- Rheumatoid arthritis: The most common type of “inflammatory arthritis,” this auto-immune disease causes chronic inflammation and damage of the cartilage, which leads to pain and stiffness.
- Post-traumatic arthritis: Following a serious hip injury or fracture, the cartilage may become damaged and lead to hip pain and stiffness over time.
- Avascular necrosis: When blood supply is reduced in the femoral head, the surface of the bone may collapse and lead to arthritis. This can occur after an injury to the hip such as a dislocation or fracture.
- Childhood hip disease: Some patients had hip problems as infants or children, which were successfully treated during childhood. However, their conditions still caused arthritis later in life because of stunted hip growth and damaged joint surfaces.
Who is a good candidate?
Patients who have hip damage from arthritis, trauma, or joint disease, and who experience moderate to severe hip pain that does not respond to other treatments may be good candidates for hip replacement surgery. While most patients who undergo total hip replacement are between ages 50 and 80, there is no absolute age or weight restrictions for the procedure. Total hip replacements have been performed successfully in patients of all ages. Orthopaedic surgeons generally make recommendations for surgery based on a patient’s pain and disability, not age.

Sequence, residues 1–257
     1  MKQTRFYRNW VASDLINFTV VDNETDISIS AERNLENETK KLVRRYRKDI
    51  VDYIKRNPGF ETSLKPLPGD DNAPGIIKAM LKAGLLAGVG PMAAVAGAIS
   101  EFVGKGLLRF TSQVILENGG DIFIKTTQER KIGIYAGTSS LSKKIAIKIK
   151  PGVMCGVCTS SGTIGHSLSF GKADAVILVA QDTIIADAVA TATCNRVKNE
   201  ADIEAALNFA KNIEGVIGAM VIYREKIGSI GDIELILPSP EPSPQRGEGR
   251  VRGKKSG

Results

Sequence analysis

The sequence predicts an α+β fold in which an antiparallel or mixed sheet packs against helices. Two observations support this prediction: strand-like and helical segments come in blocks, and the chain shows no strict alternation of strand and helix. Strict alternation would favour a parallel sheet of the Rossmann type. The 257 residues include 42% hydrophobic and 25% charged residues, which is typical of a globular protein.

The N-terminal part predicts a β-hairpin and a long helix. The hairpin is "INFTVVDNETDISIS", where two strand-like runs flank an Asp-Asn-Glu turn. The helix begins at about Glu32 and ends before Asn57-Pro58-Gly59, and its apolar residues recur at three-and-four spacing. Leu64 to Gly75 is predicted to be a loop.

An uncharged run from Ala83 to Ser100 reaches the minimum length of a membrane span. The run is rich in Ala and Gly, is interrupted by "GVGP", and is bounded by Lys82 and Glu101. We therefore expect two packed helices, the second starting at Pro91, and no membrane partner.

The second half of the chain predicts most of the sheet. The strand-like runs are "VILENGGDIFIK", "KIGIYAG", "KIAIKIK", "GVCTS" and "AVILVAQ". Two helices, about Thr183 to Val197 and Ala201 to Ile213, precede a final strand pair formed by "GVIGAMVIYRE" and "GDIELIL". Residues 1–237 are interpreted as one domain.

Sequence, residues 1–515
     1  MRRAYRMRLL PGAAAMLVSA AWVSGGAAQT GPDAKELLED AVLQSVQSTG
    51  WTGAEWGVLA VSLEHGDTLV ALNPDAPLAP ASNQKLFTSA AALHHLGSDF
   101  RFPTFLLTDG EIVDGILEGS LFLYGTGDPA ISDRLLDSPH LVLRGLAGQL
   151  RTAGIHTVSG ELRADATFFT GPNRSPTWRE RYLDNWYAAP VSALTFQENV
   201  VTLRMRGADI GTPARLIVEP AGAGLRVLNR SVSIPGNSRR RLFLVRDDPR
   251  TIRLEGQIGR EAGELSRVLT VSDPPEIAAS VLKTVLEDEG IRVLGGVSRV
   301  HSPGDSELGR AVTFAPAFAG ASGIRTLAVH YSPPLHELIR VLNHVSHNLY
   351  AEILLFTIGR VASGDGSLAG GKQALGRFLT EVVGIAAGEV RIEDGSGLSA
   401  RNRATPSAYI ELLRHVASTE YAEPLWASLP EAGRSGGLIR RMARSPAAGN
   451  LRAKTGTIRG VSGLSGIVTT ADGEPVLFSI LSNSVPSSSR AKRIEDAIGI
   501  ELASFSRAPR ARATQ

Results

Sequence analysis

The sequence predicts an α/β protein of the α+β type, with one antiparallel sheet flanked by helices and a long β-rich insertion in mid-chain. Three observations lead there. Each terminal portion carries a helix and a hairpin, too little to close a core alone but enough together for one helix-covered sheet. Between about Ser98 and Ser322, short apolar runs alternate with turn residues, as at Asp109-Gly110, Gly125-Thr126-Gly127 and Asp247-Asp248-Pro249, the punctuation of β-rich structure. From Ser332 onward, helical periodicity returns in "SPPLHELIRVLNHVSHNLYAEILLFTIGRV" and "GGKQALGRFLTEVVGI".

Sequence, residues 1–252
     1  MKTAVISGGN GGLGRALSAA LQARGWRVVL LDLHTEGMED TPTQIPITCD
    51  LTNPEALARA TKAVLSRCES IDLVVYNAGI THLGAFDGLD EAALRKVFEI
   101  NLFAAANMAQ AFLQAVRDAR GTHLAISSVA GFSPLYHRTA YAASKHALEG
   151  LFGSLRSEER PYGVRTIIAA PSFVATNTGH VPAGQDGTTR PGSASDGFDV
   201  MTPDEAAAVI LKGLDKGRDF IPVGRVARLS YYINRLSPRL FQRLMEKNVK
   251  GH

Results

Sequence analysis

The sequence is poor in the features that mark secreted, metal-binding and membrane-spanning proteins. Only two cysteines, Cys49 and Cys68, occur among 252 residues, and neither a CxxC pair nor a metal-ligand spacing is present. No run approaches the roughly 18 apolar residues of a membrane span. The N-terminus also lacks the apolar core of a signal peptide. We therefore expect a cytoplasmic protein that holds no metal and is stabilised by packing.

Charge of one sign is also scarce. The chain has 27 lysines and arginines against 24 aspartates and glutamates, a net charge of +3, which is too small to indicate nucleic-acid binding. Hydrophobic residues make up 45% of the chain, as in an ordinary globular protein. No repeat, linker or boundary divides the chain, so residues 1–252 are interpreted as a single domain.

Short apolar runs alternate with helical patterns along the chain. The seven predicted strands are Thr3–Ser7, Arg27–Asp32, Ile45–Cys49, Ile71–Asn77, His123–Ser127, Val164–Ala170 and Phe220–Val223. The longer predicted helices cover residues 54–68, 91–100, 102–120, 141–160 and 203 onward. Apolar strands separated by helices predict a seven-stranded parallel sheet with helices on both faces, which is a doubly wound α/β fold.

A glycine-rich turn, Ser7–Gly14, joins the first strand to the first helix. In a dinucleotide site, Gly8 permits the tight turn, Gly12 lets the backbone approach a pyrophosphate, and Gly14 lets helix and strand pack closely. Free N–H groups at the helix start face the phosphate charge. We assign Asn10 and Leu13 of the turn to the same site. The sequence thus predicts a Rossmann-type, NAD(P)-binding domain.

What are the risks?
Like with any other surgery, there are associated risks that come with hip replacement surgery. Risks of surgery include:
- Blood clots that can be dangerous if they travel to the lungs, heart or brain. Doctors may prescribe blood-thinning medications to reduce this risk.
- Infection that can occur at the site of the incision and in the deeper tissues near the new hip. Most infections can be treated with antibiotics and rarely require surgery.
- Fractures to healthy portions of the hip joint may occur during surgery. Sometimes the fractures are small enough that they heal on their own, but larger fractures may require corrective surgery.